Dr. Abdullah Alajati is one of the Project Leaders of our µBone Project (1) “Deciphering the role of CDCP1 for priming the bone metastatic niche in prostate cancer“ and Group Leader at University Hospital Bonn.
How did you get to research in this area?
Over the past two decades, the receptor CUB domain-containing protein 1 (CDCP1), has emerged as a potential therapeutic target for many cancer types and it can be considered as a rising start among new therapeutic targets in the field of cancer. The interest on CDCP1 started many years back when we saw the CDCP1 was highly phosphorylated in unbiased protein–tyrosine profiling in metastatic HER2-driven breast cancer cell line. In the last 10 years, we have made very important findings describing the oncogenic role of CDCP1 in breast and prostate cancer. We have also developed a novel transgenic mouse model of CDCP1 that not only develops invasive prostate cancer, but also distant metastasis to lymph-node and lungs. Yet, the presence of bone metastasis is not investigated. This mouse model presets a unique opportunity to study the kinetic of bone metastasis development in prostate cancer and how bone metastatic niche can play critical role of metastasis.
What are you currently doing?
Currently, we investigate the role of CDCP1 on bone metastasis initiation and formation, using our transgenic mouse model. In addition, we are generating a prostate cancer cell line from the mouse model, to be able to perform functional assays and in vivo experiments. Our final goal is to try to develop a strategy for inhibiting bone metastasis or to maintain patients with bone metastasis in palliative care. To do so, we have already started generating nanobodies specific for CDCP1 from immunized alpacas, that will be tested in vivo to mice that will have been injected with the prostate cancer cell line.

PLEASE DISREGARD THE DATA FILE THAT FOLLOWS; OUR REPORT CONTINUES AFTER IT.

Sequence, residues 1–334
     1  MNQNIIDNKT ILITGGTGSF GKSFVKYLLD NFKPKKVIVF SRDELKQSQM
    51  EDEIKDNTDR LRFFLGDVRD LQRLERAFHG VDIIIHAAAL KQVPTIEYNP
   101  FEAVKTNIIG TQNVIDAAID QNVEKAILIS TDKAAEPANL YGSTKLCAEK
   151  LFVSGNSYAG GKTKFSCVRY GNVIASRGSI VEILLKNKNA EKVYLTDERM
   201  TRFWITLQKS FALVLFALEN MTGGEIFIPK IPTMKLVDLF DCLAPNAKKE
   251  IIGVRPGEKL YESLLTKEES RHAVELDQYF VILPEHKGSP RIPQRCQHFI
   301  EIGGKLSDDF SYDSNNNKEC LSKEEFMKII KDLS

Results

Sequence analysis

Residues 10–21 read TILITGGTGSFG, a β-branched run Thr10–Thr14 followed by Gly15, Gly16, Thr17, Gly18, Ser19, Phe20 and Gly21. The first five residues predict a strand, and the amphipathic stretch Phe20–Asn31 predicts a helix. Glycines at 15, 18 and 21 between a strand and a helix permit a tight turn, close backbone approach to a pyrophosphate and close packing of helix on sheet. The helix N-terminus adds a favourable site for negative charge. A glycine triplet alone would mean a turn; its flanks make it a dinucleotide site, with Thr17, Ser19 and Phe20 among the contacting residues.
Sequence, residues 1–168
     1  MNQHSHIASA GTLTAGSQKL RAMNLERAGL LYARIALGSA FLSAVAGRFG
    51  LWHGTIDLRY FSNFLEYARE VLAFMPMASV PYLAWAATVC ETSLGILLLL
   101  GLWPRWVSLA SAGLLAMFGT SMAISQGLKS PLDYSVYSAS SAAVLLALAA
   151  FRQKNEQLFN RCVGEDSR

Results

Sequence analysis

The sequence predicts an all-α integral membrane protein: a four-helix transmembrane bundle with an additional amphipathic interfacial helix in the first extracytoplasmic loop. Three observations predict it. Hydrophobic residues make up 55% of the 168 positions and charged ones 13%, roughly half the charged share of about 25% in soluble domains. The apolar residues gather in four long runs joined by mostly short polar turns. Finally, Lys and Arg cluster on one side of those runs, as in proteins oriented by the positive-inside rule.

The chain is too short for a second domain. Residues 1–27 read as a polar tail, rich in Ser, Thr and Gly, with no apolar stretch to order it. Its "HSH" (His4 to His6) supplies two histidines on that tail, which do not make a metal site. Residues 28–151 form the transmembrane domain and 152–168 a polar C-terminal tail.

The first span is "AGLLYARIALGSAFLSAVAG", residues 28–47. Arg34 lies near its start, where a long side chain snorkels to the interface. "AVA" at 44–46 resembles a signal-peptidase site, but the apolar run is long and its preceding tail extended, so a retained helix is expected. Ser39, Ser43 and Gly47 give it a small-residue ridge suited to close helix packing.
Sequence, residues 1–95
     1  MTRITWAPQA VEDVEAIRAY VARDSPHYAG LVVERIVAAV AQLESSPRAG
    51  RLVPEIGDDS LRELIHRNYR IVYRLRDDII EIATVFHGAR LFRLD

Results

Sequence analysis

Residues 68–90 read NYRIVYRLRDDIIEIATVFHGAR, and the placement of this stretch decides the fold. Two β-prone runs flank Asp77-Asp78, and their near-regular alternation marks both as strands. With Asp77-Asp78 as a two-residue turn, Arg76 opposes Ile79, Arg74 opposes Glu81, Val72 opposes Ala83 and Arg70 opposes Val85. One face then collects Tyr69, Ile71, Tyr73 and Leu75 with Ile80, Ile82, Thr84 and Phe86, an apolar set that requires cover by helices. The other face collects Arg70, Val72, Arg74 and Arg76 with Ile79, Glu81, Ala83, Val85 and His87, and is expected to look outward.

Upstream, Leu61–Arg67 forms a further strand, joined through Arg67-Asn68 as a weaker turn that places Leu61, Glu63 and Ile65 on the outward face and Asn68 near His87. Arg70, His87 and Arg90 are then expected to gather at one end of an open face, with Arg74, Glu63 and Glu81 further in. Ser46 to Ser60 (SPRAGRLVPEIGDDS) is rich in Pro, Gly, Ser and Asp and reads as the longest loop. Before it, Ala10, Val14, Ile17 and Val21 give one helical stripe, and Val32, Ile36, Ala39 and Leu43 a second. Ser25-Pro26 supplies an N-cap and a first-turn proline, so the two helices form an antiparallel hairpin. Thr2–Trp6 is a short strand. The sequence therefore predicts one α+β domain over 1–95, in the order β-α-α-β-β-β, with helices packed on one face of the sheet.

Furthermore, we have already established all the FACS panels desired for our study and have applied the first analysis on our transgenic mouse models. We have obtained very interesting preliminary results regarding the metastatic potential of tumor cells in the bone marrow in early stages of the disease, and how this infiltration regulates other cell types of this microenvironment.
Why do you do what you do? What is the fascination in your job?
Bone metastases are associated with poor prognosis, bone pain, skeletal fractures and indicate the incurability of disease in most cases. The bone marrow niche, with its unique environment, is critical for all major steps of metastasis, including the seeding of disseminated tumor cells to the bone, the survival of dormant microscopic metastases and the eventual outgrowth of overt metastases.
Thank you, Dr. Alajati!